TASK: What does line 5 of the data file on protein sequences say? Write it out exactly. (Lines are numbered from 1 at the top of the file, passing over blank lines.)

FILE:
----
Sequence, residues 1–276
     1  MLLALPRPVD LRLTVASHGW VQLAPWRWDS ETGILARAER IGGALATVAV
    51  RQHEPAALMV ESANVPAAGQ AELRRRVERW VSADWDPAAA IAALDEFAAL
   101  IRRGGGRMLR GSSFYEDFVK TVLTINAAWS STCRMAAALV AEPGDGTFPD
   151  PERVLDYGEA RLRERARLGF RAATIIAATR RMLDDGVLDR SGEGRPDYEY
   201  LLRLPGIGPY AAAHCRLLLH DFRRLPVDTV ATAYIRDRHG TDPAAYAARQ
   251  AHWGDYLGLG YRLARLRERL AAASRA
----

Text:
   151  PERVLDYGEA RLRERARLGF RAATIIAATR RMLDDGVLDR SGEGRPDYEY